Steve Osman, 4948 W. 88th Street, Prairie Village, Kansas addressed the Commission.  Mr. Osman stated that he is the managing member of the Meadowbrook Village Shopping Center Limited Liability Corporation.  This is his second opportunity to come before this Commission seeking modification to the existing zoning.  The first, which they have installed, was a new sign in the front of the shopping center.  He thinks that anyone who has seen the sign would acknowledge that it was very well done and very tasteful and certainly a nice addition to the area as opposed to the twenty-five year old sign that didn’t reflect well on the upscale image that he knows the City is trying to accomplish in today’s world.  Mr. Osman said that the purpose of this (deck) is not to impose a lot of aggravation and create problems for the neighbors or become a lightening rod for anything.  It was strictly done to provide a little adjacent area to the existing facility that would allow people to take advantage of a very nice area in the back of the shopping center that is an extended distance from any of the neighbors as the site plan shows.  Mr. Osman explained that it is across the parking lot and a large fence separates the Peanut from everyone.  It is not designed for public musical events, it’s not designed to have a juke box blaring out there, it’s strictly and purely designed for eating and to provide a nicer accommodation for people.  Why does he do that?  Why does he encourage it and why is it important?  Mr. Osman replied that in today’s world, those of you who are in business recognize, that many of the small businessmen really exist at the pleasure of the public and it’s getting harder and harder to compete.  It’s more difficult to be successful as a small entrepeneur than it is in almost any other time that he has been involved in since the early 1970’s.  What do you do to compete with the Zona Rosas of the world or the places that are the large conglomerates that can come in and spend two million dollars on a facility and attract everyone to their patio area and do all the things that they do?  You try to provide a little bit of a nice environment that is well maintained.  Mr. Osman said that he believes that if you were to inquire privately or publicly to Scott, that when he was talking with him and he (Mr. Osman) imposed the regulations, he was the one that suggested some of that because there is no intent to use this for anything other than eating.  Just a nice eating area that’s on the back.  He thinks that the closest house by distance is 300’ and most people are even further than that.  In the winter time it’s certainly not going to be used and in the summer time when it’s blistering hot there will probably be some usage of it but it’s going to be primarily for the times of the year that are really very nice and comfortable.  People will want to take advantage of it and they’re going to be eating and they’re not going to be out there having parties and things of that nature.  Certainly the operator and the owner of the Peanut has done a very nice job in trying to create a nice environment inside and it’s been a great tenant for the shopping center.  Mr. Osman said that he knows there are a lot of people here that are concerned about issues and he would certainly welcome being able to respond to any of those points because the intent is to make it a quality addition to the building and that’s what he hopes the Commission would concur with.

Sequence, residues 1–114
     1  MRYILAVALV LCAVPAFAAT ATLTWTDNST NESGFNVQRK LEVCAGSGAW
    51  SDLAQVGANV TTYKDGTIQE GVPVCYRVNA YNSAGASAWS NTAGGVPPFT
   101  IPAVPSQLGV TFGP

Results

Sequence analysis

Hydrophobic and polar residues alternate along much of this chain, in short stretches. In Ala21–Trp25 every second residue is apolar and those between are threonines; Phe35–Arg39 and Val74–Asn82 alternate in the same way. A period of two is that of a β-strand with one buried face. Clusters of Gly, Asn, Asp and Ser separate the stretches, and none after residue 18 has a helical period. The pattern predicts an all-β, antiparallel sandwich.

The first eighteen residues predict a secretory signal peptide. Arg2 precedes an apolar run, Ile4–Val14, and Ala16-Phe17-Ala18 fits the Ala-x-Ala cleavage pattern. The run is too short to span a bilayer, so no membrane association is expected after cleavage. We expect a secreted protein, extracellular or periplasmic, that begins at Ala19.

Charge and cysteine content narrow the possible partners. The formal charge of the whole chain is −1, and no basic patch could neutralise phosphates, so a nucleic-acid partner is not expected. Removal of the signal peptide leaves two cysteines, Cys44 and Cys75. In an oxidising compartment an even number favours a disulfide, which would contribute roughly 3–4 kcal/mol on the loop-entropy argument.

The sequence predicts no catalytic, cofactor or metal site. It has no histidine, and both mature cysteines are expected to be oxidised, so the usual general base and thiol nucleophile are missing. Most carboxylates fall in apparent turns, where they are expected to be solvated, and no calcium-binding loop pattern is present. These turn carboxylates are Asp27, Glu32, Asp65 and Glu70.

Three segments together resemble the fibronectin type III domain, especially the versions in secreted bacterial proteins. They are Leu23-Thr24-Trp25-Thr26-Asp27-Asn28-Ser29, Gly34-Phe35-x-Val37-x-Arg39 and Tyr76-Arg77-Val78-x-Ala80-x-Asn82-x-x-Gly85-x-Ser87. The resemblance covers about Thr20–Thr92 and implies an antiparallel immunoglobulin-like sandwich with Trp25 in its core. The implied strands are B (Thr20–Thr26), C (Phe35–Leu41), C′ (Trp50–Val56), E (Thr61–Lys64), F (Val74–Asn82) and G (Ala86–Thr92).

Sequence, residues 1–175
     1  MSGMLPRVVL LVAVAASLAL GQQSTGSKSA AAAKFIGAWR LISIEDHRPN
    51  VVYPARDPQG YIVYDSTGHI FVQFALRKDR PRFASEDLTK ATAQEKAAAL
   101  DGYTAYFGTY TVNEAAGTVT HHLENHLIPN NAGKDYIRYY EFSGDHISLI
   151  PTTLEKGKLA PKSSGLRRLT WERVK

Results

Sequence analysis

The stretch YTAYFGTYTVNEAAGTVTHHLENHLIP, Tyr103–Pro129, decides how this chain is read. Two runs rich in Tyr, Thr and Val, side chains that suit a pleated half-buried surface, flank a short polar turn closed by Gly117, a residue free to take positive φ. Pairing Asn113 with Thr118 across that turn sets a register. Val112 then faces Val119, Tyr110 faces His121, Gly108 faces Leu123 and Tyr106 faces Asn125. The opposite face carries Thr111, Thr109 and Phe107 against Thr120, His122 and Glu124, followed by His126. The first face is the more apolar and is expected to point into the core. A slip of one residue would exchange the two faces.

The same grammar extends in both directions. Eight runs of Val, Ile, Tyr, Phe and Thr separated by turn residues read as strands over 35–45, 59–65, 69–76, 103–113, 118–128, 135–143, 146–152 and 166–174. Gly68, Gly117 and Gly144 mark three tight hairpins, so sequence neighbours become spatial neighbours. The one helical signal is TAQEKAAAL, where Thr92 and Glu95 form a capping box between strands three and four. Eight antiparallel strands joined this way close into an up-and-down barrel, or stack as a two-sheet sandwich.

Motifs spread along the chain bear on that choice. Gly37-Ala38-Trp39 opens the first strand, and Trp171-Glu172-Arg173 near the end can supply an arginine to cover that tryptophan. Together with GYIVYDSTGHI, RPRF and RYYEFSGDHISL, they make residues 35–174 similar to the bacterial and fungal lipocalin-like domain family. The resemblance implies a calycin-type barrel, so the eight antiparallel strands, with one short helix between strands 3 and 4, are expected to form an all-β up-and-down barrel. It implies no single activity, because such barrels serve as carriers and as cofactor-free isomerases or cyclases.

Ms. Newsom asked if Mr. Osman could give her the distance from the finished edge of the deck to the property line of the shopping center, not the house, but to the property line. 


Mr. Osman said that he doesn’t know the exact distance but he knows that it complies with all the applicable codes for alcohol consumption.  He would think that is probably in the neighborhood of a couple of hundred feet.